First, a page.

You might not think the business experiences of two Microsoft executives could help alleviate illiteracy in the developing world or devise a better strategy for attacking hydrocephalus, a potentially devastating health condition. After all, what does business have to do with literacy and disease?
As it turns out, a lot.
David Risher, who had worked at Microsoft in marketing and led a business unit, was vacationing with his family in Ecuador, helping out at an orphanage. His daughters had brought along their e-readers to keep up on schoolwork. One day, across the main grounds of the orphanage, Risher spied a padlocked building and asked what was inside. The director confessed it was the library, but they had lost the key. Something “snapped” inside Risher. Reading had been a huge part of his early life and a way out of poverty. His daughters had easy access to their e-readers. Yet here was an orphanage full of kids who were hungry to learn but didn’t have access to books.
Instead of just finding a sledgehammer to break this one lock, Risher cofounded worldreader.org with Colin McElwee to get books to young people across the developing world using e-readers and cell phones. This technology is already crossing geographies and cultures to change the lives of thousands of kids. Someday, it could reach millions. For Risher, addressing the problem was not about becoming an expert on literacy. There were lots of people out there already with that knowledge. Instead, it was about using his business experience to come up with the right distribution strategy. That doesn’t just mean supplying e-readers to schools in need, but also designing the logistics for supplying the digital books, making sure the e-reader products have technical support and optimizing digital books for cell phones that are already widely available.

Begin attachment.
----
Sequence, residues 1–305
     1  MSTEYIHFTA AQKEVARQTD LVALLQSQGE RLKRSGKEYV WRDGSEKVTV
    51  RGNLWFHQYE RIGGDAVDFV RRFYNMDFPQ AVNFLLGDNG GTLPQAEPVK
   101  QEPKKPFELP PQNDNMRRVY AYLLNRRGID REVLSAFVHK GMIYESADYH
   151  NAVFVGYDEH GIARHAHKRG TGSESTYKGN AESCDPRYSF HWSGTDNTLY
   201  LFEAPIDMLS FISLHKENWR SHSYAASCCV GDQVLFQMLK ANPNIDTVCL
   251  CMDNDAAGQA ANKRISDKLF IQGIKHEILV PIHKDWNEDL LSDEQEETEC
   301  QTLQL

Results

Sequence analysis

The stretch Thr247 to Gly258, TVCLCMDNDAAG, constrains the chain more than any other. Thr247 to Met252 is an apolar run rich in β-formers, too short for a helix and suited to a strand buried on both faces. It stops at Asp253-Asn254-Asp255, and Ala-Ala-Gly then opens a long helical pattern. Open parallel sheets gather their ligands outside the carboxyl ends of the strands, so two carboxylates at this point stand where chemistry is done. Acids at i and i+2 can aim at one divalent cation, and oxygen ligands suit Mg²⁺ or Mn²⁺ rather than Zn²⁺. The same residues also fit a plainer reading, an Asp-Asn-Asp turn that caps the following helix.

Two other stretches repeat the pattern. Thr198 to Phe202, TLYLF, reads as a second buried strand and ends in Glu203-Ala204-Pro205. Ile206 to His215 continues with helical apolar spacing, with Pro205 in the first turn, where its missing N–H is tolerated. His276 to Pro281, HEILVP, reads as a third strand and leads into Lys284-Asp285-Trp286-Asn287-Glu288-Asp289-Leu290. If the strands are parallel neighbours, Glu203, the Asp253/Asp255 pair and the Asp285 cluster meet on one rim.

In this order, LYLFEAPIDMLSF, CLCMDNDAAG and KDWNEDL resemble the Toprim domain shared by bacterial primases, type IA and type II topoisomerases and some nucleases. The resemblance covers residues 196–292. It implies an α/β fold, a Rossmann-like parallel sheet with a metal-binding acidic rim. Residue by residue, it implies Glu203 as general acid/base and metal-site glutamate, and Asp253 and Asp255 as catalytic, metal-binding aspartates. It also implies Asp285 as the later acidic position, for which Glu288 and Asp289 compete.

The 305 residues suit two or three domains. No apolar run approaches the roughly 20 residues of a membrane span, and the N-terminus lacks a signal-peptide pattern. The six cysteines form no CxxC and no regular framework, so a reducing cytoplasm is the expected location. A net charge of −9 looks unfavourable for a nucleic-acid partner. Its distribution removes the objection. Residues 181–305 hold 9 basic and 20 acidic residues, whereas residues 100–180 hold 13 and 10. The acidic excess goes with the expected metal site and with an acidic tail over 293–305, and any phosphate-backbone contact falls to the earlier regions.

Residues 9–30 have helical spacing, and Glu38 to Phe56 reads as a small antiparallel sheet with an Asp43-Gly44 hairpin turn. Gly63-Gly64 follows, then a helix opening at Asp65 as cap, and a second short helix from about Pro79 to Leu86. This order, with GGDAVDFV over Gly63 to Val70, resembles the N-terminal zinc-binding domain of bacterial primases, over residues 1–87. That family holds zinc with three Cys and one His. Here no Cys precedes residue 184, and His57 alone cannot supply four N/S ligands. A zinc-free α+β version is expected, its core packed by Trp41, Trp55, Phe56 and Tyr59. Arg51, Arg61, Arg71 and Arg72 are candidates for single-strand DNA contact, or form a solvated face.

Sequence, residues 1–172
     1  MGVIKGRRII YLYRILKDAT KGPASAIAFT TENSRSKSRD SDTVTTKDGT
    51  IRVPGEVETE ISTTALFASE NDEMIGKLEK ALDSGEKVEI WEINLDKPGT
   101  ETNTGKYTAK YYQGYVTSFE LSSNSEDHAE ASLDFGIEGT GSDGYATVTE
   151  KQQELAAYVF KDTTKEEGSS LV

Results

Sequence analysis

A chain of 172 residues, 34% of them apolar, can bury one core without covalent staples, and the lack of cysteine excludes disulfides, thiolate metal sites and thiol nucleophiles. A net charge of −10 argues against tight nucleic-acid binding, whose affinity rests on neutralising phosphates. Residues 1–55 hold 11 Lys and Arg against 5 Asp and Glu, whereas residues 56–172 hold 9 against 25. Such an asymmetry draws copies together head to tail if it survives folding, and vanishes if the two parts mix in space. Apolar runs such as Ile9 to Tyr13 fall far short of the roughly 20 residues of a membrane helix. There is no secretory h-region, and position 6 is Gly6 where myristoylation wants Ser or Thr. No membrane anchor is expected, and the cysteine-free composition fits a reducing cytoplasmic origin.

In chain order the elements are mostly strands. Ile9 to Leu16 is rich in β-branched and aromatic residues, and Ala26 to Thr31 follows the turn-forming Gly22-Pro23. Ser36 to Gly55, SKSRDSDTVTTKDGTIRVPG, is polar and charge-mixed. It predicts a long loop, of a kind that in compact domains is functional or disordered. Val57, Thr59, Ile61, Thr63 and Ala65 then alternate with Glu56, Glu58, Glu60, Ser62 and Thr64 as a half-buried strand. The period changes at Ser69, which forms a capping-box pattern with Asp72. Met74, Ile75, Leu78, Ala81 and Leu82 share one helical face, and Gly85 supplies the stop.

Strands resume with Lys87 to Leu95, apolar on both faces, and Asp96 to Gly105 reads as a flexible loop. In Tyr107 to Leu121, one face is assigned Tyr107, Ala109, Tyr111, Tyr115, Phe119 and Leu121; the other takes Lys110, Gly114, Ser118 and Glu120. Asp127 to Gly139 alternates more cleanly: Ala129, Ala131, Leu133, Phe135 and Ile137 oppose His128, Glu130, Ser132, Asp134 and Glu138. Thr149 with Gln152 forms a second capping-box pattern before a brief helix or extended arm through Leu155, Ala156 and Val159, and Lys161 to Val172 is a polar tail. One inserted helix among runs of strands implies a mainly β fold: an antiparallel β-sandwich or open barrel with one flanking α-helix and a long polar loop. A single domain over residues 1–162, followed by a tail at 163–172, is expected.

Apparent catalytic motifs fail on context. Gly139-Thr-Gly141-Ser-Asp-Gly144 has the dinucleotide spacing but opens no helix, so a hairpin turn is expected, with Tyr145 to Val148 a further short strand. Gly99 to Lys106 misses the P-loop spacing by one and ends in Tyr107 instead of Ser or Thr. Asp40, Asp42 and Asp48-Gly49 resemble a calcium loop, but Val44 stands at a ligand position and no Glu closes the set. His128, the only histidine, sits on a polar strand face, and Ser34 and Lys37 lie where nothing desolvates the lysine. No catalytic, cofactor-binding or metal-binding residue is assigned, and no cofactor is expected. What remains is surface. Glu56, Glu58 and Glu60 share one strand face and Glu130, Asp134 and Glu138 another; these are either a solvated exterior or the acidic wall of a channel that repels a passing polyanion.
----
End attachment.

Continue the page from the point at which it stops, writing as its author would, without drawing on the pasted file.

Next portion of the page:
In Paul Gross’ case, it was a matter of making sure that what happened to his son doesn’t happen to anyone else. Gross had a career in program and software management. He brought teams together to make big products happen. When Gross’ son, William, was born one month premature with hydrocephalus, sometimes called water on the brain, the child had to live through a monthlong stay in ICU and undergo three surgeries. Depending on how the fluid in the brain is drained and treated, the condition can cause learning disabilities, long-term health problems and even death.
Gross learned that the shunt being used to drain the fluid was developed in 1952 and had hardly been upgraded. Dismayed and frustrated, Gross and his wife looked at the entire ecosystem addressing the problem. He learned that while researchers and organizations were doing good work, there was little coordination among them. Getting them to work more closely together resulted in an effort to begin testing a new shunt, which reduced negative outcomes by 35percent.
Thousands of lives, perhaps millions, will be changed because Risher and Gross brought to the table their approach to business and strategic thinking about complex systems. They saw the challenges as puzzles, which, once solved, would have extremely meaningful consequences.
Increasingly in our world, we have solutions to social problems and often have significant resources to bring to bear. Sometimes, the biggest missing link is in the “business side” of the problem, as demonstrated by these cases.
There is such a huge opportunity to make significant progress on some of our toughest social problems in the next generation because of people with skills and experience like David Risher and Paul Gross. They bring something very incremental to solving a problem, something they learned many years ago and never imagined they would use to help solve problems around the world and in the emergency room.
Paul Shoemaker is the author of Can’t Not Do: The Compelling Social Drive that Changes Our World and founding president of Social Venture Partners International, a global network of social innovators, entrepreneurs, philanthropists and business and community leaders.